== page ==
Longing For Christ’s Visits
“Make haste, my Beloved; and be Thou like to a roe, or to a young hart on the mountains of spices.”
(Song of Solomon 8:14)
Every serious and sensible Christian considers the Song of Solomon as a storehouse of inward religion and a treasury of holy experiences. In no part of the Scriptures is the work of the blessed Spirit on the souls of men more strikingly and more exactly delineated. If some unhappy persons consider this sacred poem in any other view, it is because they are unacquainted with the power of godliness, and have not experienced that renewal in the spirit of their minds, which can alone qualify lost sinners to contemplate with advantage the mysteries of the kingdom of heaven.
The church addresses the passage quoted above to the Saviour, who has redeemed her by His blood. She styles Him, her Beloved; the object of her supreme affection and the meritorious procurer of all her happiness. She prays for the manifestations of His spiritual presence, and that those manifestations may be speedy: “Make haste, my Beloved! and be Thou,” in the swiftness of Thy approach, “like to a roe, or to a young hart, on the mountains of spices!”
Rapidly as those lively, expeditious animals spring from hill to hill; nimbly as they bound, instantaneously as they leap, on the fragrant mountains of the east; so swiftly do Thou lift up the light of Thy countenance on Thy waiting people, and cheer them with such tokens of Thy grace and favour as are more reviving to the soul than all the odours of the spicy mountains are to the fainting traveller.
On the other hand, a formal professor does not look upon ordinances as means of inward religion, and as steps to communion with God, through the Spirit: but having skimmed the surface of outward duties, he sits down satisfied with externals, and aims at nothing higher.
Not so are the conduct and views of one whose heart God hath touched. The truly awakened soul considers all the exterior means of grace but as channels, through which grace itself and the comforts of it are (in a way of sovereignty and freeness) communicated to them that hunger and thirst after the righteousness of Jesus Christ.
And as it is not the mere channel of conveyance but the water conveyed which can satisfy thirst, so the Christian is sensible that, not a bare attendance on outward services, but the presence of God enjoyed under those services is that which nourishes the believing soul and renews the believer’s strength.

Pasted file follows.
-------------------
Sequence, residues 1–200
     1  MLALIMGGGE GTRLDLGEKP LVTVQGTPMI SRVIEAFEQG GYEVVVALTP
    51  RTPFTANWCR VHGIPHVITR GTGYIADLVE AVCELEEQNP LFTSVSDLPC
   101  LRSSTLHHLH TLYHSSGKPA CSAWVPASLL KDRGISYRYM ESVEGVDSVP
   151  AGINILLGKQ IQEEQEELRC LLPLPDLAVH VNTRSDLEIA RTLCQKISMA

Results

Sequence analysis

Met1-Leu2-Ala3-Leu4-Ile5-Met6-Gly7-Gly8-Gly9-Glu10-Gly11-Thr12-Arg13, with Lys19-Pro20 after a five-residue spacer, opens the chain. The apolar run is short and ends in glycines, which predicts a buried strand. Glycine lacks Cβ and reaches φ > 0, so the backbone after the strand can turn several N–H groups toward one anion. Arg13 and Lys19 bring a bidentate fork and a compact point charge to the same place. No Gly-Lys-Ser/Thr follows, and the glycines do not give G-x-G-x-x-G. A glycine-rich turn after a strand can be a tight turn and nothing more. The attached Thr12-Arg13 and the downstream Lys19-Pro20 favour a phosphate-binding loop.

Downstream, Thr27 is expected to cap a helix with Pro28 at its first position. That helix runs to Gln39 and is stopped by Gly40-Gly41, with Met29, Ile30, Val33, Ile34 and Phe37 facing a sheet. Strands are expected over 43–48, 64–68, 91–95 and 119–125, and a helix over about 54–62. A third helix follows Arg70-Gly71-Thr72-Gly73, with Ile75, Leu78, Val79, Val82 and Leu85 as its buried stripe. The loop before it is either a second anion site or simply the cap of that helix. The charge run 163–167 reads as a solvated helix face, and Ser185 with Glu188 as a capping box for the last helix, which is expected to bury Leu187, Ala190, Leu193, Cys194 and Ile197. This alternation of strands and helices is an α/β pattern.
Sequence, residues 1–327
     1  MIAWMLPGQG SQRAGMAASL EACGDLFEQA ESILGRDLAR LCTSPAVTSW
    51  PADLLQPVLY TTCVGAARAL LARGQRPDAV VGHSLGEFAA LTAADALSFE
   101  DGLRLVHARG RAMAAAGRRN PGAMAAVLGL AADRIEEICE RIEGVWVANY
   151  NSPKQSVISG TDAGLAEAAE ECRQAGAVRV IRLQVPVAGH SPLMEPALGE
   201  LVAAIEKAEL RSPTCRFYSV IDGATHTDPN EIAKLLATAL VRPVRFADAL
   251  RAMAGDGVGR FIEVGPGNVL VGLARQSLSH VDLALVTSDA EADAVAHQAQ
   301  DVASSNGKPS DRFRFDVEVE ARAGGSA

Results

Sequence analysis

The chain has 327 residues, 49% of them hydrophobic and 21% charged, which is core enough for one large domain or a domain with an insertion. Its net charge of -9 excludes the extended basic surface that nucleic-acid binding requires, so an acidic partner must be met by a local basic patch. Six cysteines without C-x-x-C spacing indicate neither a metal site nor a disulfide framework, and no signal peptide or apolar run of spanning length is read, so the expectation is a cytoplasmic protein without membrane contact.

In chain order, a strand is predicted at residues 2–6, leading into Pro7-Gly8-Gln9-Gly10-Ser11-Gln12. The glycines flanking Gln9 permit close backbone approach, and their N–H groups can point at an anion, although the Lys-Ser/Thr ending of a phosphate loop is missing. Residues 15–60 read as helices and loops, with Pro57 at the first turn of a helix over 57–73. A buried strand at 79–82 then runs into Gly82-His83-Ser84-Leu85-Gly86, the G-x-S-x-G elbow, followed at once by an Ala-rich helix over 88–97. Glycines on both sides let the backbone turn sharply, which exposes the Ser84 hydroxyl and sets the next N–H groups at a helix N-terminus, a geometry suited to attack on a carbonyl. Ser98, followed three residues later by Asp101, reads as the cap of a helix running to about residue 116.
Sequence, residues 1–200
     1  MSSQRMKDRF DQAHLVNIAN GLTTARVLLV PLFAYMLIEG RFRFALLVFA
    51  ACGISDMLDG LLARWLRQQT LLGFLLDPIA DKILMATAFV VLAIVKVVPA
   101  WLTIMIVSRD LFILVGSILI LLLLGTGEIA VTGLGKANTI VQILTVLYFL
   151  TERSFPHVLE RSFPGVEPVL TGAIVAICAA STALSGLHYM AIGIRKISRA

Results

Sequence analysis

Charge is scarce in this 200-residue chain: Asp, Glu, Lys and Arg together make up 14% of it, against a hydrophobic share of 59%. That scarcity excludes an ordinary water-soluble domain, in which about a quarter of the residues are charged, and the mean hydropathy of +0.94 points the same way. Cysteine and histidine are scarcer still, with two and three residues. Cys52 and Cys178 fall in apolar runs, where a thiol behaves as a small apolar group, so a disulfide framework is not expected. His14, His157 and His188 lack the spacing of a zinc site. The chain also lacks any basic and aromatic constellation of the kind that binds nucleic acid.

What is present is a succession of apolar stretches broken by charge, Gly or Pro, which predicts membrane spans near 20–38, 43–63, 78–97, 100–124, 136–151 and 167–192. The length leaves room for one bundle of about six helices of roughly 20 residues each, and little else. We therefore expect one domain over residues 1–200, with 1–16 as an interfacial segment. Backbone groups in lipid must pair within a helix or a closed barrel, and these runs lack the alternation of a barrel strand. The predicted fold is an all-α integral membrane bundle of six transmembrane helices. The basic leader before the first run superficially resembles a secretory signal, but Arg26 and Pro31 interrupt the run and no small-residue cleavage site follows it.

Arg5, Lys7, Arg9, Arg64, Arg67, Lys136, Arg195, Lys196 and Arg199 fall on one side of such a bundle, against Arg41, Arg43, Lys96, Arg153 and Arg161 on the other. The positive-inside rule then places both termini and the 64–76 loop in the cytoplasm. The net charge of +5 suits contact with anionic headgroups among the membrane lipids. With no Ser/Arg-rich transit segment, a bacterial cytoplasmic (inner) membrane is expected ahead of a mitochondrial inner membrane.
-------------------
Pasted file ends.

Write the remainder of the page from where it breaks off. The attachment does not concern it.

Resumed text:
Hence his heart’s desire and prayer are similar to the verse immediately preceding the text:
“Thou that dwellest in the gardens,” Thou who condescendest to be constantly present in the hearts and assemblies of Thy people, “the companions hearken to Thy voice”: the church above, and the church below, with whom Thou hast vouchsafed to contract a gracious intimacy, are delighted with hearkening to Thy voice of love: a “cause me to hear it!”
Make me also glad with the joy of Thy salvation!
Give me to see the felicity of Thy chosen, and to drink deep of that river, to experience much of that unspeakable fellowship with Thyself, which makes glad the city of God both in earth and heaven.
Then follows the supplication, “Make haste, my Beloved,” with which we began; from all which it appears that Jesus is the object of His people’s love.
And whom should we love, if not Him who loved us, and gave Himself for us?
If the bliss, even of angels and glorified souls, consists greatly in seeing and praising the Son of God, surely to love, to trust and to celebrate the Friend of sinners must be a principal ingredient in the happiness of saints not yet made perfect.
Solomon, whose experience of grace was lively and triumphant when he wrote this Song of Songs, declares in the fifth chapter that Christ is altogether lovely. Other objects may be overrated and too highly esteemed; but so transcendent, so infinite is the excellency of Christ, that He is, and will be to all eternity, more lovely than beloved. Yet though all the love possible for saints and angels to show falls, and will always fall, infinitely short of the Saviour’s due, still it is a blessed privilege to love Him at all, though in ever so faint a manner, and in ever so low a degree.
They that love Him at all wish to love Him more; and more and more they shall love Him, through the ages’ endless duration in heaven, where they shall be like Him, and see Him as He is.
By Augustus Toplady